Microelectronics Technology - American Chemical Society


Microelectronics Technology - American Chemical Societypubs.acs.org/doi/pdf/10.1021/bk-1995-0614.ch005Reactions in the f...

1 downloads 39 Views 2MB Size

Chapter 5

Acid Diffusion in Chemically Amplified Resists The Effect of Prebaking and Post-Exposure Baking Temperature

Downloaded by UNIV OF QUEENSLAND on March 29, 2017 | http://pubs.acs.org Publication Date: May 5, 1995 | doi: 10.1021/bk-1995-0614.ch005

Jiro Nakamura, Hiroshi Ban, and Akinobu Tanaka NTT LSI Laboratories, 3-1 Morinosato Wakamiya, Atsugi-shi, Kanagawa 243-01, Japan

Evaluations of acid diffusion in chemically amplified resists using three different methods have revealed that higher prebaking and lower post-exposure baking (PEB) temperatures are effective in reducing the diffusion distance. Investigations into the influence of diffusion on resist characteristics show that there is a reciprocal relationship between sensitivity andresolutiondue to the effects of acid diffusion. This relationship is able to be formulated using the terms of activation energies for overall catalytic reactions and for acid diffusion.

Reactions in the formation of latent images in chemically amplifiedresistsfi)take place in two consecutive steps: acid generation during exposure, and acid-catalyzed reactions during post-exposure baking (PEB). This mechanism makes the lithographic performance more sensitive to the process conditions than that of conventional resist systems. In particular,resistcharacteristics are greatly influenced by the acid diffusion during PEB(2-6). Acid diffusion is essential to induce long chains of catalytic reactions. Appropriate diffusion also suppresses edge roughness caused by the nonuniform exposure that results from the effects of multi-interference in photolithography and from electron scattering in e-beam and X-ray lithographies. Excess acid diffusion, on the other hand, degrades latent image quality and thus, the replicated pattern profile. When developing high-performance resist materials and optimizing process conditions, it is therefore important to know how far catalytic acids diffuse inresistfilms, and to understand therelationshipbetween acid diffusion and resist characteristics. We have developed three ways to evaluate acid diffusion inresistfilmsduring PEB: the mask-contact method, the electrochemical method, and the ion conductivity method. This paper describes these method and presents the associatedresults.In addition, it discusses the influence of acid diffusion on lithographic performance based on experimental and calculated results. 0097-6156/95/0614-0069$12.00/0 © 1995 American Chemical Society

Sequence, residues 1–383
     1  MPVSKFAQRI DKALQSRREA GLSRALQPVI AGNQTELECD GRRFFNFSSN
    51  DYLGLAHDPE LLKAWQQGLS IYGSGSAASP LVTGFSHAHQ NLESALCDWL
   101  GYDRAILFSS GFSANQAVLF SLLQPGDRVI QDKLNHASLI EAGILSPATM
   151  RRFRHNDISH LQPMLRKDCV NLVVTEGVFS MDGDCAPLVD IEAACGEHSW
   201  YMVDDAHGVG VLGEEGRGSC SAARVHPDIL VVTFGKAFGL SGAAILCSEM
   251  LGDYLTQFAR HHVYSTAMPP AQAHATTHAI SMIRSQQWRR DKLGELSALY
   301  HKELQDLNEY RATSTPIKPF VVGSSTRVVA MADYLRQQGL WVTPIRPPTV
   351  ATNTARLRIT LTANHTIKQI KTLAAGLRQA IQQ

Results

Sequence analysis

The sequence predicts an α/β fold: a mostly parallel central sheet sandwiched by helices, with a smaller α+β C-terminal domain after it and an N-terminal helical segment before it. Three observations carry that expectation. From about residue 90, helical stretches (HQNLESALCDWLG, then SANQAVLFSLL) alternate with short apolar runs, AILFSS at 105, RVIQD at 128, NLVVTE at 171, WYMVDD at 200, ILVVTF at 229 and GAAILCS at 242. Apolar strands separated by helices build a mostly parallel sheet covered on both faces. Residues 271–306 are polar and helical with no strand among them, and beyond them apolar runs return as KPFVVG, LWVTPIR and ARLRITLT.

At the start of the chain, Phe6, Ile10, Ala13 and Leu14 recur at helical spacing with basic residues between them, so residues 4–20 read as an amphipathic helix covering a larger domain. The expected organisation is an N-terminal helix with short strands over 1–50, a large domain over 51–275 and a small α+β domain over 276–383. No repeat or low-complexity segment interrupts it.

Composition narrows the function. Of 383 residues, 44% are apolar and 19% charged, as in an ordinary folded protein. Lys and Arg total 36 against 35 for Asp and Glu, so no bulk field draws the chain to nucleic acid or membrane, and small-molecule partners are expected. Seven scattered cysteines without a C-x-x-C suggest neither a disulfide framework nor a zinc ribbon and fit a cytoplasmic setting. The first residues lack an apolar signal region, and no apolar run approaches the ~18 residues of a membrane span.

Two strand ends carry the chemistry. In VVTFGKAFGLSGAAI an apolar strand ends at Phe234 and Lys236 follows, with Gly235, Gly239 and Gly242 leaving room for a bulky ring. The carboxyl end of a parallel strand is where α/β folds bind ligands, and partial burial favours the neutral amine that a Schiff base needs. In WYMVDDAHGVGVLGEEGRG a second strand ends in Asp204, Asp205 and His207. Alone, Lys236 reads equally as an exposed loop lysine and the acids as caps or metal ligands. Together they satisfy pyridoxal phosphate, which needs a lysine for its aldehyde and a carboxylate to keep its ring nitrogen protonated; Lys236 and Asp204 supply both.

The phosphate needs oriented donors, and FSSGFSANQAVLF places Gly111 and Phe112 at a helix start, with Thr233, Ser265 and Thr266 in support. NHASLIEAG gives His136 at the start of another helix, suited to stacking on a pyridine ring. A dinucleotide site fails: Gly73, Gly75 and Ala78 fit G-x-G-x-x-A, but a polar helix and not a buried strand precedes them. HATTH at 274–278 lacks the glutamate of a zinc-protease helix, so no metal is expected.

Reichmanis et al.; Microelectronics Technology ACS Symposium Series; American Chemical Society: Washington, DC, 1995.

70

MICROELECTRONICS TECHNOLOGY

Evaluation of Acid Diffusion Experiment. a) Mask-Contact Replication Method. A mask contact replication method was used to determine acid diffusion in a positiveresist.The EXP (Ebeam/X-ray Positive resist) (7) was spin-coated onto a 4-inch Si wafer, followed by sprinkling small pieces (about 100-1000 μπι ) of Ta, as an X-ray absorber mask, onto the wafer before drying. X-ray exposure, PEB, and development were carried out while keeping the absorber on theresist.After development, the undercut depth of the resists for various exposure dosesfromthe absorber pattern edge was measured with scanning electron microscopy (SEM). Downloaded by UNIV OF QUEENSLAND on March 29, 2017 | http://pubs.acs.org Publication Date: May 5, 1995 | doi: 10.1021/bk-1995-0614.ch005

2

b) Electrochemical Method. An electrochemical method was used for the negativeresist.An interdigitated array (IDA) electrode was fabricated using Pton a S1O2 substrate by photolithography. The width of each electrode and of the gaps between the electrodes was 2 μπι. Chemically amplified negativeresistSAL 601 (Shipley. Co.) was spincoated onto the IDA electrode and prebaked on a hot plate at 100°C for 120 s. All areas of the resist film on the IDA electrode were irradiated with an e-beam and then post-exposure baked in an oven at 100°C for 30 min while direct current of 10 V was applied. After theresistfilm on the electrode was cut orthogonal to the electrodes to obtain a cross section, it was developed. c) Ion Conductivity Method. The diffusion coefficient of protons in a novolac resin was evaluated by measuring ion conductivity. Novolac resin with 5 wt% p-toluenesulfonic acid was coated on an IC sensor and baked in an oven for 30 min at various temperatures and the dielectric loss factor of films was measured with an Eumetric System II Microdielectrometer (Micromet Instruments). The dielectric loss factor varies with the ion conductivity, the dipoles of polar groups inresists,and the electrode polarization. The effect of the electrode polarization can be corrected with appropriate software (8) in the microdielectrometer. The dielectric loss factor ε" is given by